Sensitivity Based Order Reduction of a Chemical Membrane Degradation Model for Low-Temperature Proton Exchange Membrane Fuel Cells
The chemical degradation of the perfluorinated sulfonic acid (PFSA) ion-exchange membrane as a result of an attack from a radical species, originating as a by-product of the oxygen reduction reaction, represents a significant limiting factor in a wider adoption of low-temperature proton exchange membrane fuel cells (LT-PEMFCs). The efficient mathematical modeling of these processes is therefore a crucial step in the further development of proton exchange membrane fuel cells. Starting with an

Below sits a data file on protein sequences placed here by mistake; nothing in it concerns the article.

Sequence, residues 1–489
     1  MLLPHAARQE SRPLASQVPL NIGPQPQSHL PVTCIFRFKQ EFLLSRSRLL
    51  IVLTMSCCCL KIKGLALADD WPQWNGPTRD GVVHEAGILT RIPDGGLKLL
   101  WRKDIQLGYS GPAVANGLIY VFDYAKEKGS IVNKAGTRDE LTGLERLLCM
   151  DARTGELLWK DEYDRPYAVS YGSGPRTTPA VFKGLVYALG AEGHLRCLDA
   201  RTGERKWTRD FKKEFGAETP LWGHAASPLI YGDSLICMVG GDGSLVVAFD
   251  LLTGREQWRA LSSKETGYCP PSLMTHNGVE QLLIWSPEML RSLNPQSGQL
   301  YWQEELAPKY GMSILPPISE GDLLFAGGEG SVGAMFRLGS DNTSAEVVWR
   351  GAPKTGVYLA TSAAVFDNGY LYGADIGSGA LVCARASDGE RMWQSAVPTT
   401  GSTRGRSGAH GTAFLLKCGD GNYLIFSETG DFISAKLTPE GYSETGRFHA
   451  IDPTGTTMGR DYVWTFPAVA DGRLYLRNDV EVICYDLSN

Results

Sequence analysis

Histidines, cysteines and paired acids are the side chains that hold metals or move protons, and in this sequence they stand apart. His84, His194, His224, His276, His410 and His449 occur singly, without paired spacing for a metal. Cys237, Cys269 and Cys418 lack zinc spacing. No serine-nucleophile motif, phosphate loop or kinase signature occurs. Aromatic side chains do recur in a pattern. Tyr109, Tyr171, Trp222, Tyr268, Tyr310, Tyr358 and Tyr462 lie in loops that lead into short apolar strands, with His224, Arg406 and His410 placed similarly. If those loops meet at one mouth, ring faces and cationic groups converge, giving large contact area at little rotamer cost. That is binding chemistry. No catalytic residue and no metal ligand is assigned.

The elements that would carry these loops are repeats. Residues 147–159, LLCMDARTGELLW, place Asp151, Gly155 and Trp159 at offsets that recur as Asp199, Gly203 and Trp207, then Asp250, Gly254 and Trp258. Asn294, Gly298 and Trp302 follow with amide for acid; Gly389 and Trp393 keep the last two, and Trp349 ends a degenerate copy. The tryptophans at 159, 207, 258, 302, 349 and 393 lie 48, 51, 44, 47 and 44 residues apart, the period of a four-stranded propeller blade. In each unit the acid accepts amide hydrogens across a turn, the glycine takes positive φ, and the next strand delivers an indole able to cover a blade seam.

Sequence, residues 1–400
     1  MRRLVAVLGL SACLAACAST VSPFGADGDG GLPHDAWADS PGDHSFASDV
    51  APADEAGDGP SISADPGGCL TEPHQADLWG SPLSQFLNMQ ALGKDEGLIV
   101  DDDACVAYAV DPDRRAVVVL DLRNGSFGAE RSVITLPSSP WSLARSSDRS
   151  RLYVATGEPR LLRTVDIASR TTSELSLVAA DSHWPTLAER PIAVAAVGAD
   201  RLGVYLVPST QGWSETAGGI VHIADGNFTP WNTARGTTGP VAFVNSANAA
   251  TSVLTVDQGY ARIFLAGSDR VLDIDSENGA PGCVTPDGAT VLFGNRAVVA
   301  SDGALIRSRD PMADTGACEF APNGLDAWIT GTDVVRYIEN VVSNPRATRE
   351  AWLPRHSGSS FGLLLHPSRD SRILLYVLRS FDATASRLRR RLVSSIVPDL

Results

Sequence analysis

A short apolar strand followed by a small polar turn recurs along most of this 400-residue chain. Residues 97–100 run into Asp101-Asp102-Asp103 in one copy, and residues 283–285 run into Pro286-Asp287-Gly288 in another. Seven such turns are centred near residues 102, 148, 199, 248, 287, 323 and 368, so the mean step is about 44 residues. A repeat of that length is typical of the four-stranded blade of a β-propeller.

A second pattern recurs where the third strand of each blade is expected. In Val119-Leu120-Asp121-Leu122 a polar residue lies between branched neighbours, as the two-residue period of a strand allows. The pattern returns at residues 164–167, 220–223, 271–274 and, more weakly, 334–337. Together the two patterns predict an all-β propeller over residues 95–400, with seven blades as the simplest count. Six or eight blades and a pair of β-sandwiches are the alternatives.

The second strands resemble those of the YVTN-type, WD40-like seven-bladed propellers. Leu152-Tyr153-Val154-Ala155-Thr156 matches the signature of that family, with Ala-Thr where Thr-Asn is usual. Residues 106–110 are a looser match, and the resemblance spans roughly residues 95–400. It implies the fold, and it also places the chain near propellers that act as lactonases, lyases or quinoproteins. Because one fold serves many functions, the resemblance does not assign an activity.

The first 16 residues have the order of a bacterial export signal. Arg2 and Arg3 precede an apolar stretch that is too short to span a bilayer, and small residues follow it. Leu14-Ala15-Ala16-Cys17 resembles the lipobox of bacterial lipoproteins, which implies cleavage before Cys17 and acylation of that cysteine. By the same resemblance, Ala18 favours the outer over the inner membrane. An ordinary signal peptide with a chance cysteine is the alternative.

... Starting with an extensive kinetic modeling framework, describing the whole range of chemical processes leading to the membrane degradation, we use the mathematical method of sensitivity analysis to systematically reduce the number of both chemical species and reactions needed to efficiently and accurately describe the chemical degradation of the membrane. The analysis suggests the elimination of chemical reactions among the radical species, which is supported by the physicochemical consideration of the modeled reactions, while the degradation of Nafion backbone can be significantly simplified by lumping several individual species concentrations. The resulting reduced model features only 12 species coupled by 8 chemical reactions, compared to 19 species coupled by 23 reactions in the original model. The time complexity of the model, analyzed on the basis of its stiffness, however, is not significantly improved in the process. Nevertheless, the significant reduction in the model system size and number of parameters represents an important step in the development of a computationally efficient coupled model of various fuel cell degradation processes. Additionally, the demonstrated application of sensitivity analysis method shows a great potential for further use in the optimization of models of operation and degradation of fuel cell components.